Distress leads to higher COVID vaccination rates, less adherence to distancing guidelines – The Source

People who were more distressed – showing signs of anxiety or depression – during the COVID-19 pandemic were less likely to follow some best practice recommendations from the Centers for Disease Control and Prevention, according to a new study led by researchers. researchers at Washington University in St. Louis.

They found, however, that these same people were more likely than their non-distressed peers to get vaccinated. The authors call this differential distress: when people act safe in one aspect while neglecting safety in another, both in response to the same psychological distress. This creates a conundrum for those trying to determine how best to communicate risks and best practices to the public.


The research comes from the Psychological and Brain Sciences Department of Arts and Sciences. It was led by teachers Leonard Green and Joel Myerson. The team included professors Michael Strube and Sandra Hale and Bridget Bernstein, a research technician.

Their study of 810 people found that distress was less likely to affect older people in both cases, despite their higher risk of serious consequences if infected with SARS-CoV-2. The results, published on July 27 in the journal Frontiers in Psychologysuggest that fear messages, which aim to scare people and can increase their level of distress, may not be the most effective way to encourage people to change their behavior.

Joel Myerson on campus

“These findings do not indicate a simple public health messaging campaign,” Myerson said. “Instead, officials may need to consider more finely tuned messages for different populations in order to achieve the best results: more attention to CDC recommendations as well as more people vaccinated.”

This is the second study from this team to analyze the ways people have changed their behavior during the pandemic. The first study, published in November in the journal PLoS One, examined social distancing and hygiene behaviors across a range of demographics. The results suggest that distress is closely linked to how people respond to social distancing recommendations. Those most distressed were less likely to observe social distancing recommendations, perhaps as a way to maintain social connections that can alleviate anxiety and depression.

In the latest work, the researchers again asked people about their adherence to the CDC’s latest recommendations, including new recommendations for when to wear a mask and suggesting that people avoid spending a lot of time indoors with others. . The results showed similar correlations to the previous study between age, distress and behavioral changes.

In terms of public health and effective messaging, one of the most pressing issues to arise after the first study was published was the introduction of vaccines – and the myriad feelings people have about them. Looking at four categories – fully vaccinated; partially vaccinated; not vaccinated but likely to receive one; unvaccinated and unlikely to get one – several outcomes stood out:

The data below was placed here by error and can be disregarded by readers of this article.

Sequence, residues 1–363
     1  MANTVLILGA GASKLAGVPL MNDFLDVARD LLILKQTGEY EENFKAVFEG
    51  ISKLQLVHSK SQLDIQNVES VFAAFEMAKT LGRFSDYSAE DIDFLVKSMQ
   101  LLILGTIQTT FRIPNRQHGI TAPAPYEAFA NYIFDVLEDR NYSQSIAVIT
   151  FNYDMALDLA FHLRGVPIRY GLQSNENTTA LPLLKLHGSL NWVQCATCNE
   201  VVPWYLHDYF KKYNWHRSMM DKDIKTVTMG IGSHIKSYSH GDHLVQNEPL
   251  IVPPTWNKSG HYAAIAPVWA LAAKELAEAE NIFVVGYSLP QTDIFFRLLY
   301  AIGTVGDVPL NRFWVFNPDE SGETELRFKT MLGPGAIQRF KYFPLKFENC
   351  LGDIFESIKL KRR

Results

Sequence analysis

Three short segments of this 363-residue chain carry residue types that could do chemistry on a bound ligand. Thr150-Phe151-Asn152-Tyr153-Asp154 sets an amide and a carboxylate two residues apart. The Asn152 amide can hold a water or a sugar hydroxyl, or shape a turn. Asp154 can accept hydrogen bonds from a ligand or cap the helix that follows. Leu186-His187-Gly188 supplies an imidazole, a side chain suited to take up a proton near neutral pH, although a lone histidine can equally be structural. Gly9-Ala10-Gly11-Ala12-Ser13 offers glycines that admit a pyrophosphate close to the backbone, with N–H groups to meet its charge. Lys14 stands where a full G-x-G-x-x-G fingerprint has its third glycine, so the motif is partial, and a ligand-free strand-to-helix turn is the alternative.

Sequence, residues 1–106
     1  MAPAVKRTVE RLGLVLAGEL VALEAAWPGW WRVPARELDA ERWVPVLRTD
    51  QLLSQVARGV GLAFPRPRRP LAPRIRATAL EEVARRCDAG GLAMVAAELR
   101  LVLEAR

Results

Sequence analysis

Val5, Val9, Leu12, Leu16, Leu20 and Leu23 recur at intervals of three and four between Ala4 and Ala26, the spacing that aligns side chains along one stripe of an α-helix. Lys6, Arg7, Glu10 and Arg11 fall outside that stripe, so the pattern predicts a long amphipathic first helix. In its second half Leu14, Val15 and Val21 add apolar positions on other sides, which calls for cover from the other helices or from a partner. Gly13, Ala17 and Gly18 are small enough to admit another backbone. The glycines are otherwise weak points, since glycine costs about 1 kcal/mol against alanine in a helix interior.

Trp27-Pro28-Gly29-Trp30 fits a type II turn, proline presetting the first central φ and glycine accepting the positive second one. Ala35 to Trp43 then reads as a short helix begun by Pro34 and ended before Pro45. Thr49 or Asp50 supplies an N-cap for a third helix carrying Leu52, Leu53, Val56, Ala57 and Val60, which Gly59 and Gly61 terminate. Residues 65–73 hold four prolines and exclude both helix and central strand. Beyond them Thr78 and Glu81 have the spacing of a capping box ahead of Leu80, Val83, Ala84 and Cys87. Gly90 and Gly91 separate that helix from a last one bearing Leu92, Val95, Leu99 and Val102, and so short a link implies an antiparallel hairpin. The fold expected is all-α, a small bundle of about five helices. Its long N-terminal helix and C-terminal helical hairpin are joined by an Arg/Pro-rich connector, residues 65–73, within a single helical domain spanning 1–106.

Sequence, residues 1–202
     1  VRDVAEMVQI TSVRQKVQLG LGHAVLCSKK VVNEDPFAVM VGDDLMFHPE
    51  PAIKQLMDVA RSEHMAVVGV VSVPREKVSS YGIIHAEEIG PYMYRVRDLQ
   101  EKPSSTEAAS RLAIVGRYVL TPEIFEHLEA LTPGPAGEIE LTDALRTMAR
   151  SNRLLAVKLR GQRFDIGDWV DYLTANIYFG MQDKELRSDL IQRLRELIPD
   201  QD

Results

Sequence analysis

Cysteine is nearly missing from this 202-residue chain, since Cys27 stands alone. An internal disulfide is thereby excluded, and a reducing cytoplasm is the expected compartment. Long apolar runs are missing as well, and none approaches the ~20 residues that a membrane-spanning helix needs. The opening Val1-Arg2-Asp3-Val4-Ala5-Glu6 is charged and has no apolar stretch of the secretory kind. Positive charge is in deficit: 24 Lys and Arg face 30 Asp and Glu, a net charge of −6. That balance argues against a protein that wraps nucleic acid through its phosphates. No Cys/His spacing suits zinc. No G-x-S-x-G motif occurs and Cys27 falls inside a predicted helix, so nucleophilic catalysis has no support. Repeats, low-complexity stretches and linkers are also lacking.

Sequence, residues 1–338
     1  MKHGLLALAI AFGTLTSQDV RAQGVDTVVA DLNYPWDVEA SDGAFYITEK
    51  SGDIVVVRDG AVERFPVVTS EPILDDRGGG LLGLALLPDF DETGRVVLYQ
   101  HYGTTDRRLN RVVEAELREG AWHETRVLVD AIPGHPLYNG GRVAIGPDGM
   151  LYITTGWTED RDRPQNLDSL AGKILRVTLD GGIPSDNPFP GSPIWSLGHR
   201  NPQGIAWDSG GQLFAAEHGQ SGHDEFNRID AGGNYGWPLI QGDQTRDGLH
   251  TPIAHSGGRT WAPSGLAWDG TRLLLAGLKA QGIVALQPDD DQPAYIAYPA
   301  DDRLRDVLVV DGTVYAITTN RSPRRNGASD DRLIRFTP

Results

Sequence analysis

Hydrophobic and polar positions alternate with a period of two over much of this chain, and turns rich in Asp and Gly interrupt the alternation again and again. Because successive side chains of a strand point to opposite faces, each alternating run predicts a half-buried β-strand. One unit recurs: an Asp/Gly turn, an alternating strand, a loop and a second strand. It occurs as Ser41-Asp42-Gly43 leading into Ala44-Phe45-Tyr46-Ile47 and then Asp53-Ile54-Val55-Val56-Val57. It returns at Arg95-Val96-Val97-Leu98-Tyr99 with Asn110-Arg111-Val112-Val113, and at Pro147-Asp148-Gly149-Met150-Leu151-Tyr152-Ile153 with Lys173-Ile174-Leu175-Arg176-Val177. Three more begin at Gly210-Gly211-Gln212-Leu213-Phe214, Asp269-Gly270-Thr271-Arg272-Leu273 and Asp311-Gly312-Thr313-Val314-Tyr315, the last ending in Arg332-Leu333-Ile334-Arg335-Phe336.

• People who had been fully vaccinated were more likely than those who had been partially vaccinated to have close interactions with others after being vaccinated.
  • Compared with those who said they were unlikely to get vaccinated, those who said they probably would thought their risk of infection was higher.
  • Depending on the age of the person, they react differently to the same level of stress. Overall, for example, the higher a person’s level of distress, the less likely they were to socially distance, but the more likely they were to get vaccinated. However, both of these correlations weaken as people age.

Fear messages that try to scare people into following the guidelines tend to only be useful for a one-time event, Green said. “Apparently getting vaccinated should count as such an event.” But as breakthrough cases mount and boosters add up, vaccinations are no longer one and done; rather, it is a series of events, spread over more than a year.

While fear-based messaging can encourage young people to get vaccinated, it also diminishes their resolve to stick with mitigating behaviors like social distancing. Without doing both, the risk of infectious breakthroughs could continue to increase.

And, research shows the messages become less effective as people get older – and become more likely to get a serious illness if they become infected.

“Part of the solution to the problem of differential distress may be to avoid distress altogether,” Green said, giving up on the fear campaign. Instead, a softer approach may be warranted. “Our previous work suggests that what really motivates many people to change their behaviors for the better is considering how their actions may benefit or harm other people.”

The research was supported by the National Institute on Aging of the National Institutes of Health (NIH) under award number RO1AG058885.

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